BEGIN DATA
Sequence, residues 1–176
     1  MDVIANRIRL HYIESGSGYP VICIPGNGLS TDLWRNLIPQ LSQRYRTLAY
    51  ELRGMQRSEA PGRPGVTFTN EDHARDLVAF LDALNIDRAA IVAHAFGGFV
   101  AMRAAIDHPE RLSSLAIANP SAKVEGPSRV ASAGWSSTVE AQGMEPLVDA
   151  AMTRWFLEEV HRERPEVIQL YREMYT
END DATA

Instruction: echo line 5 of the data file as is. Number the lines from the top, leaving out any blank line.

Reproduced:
   151  AMTRWFLEEV HRERPEVIQL YREMYT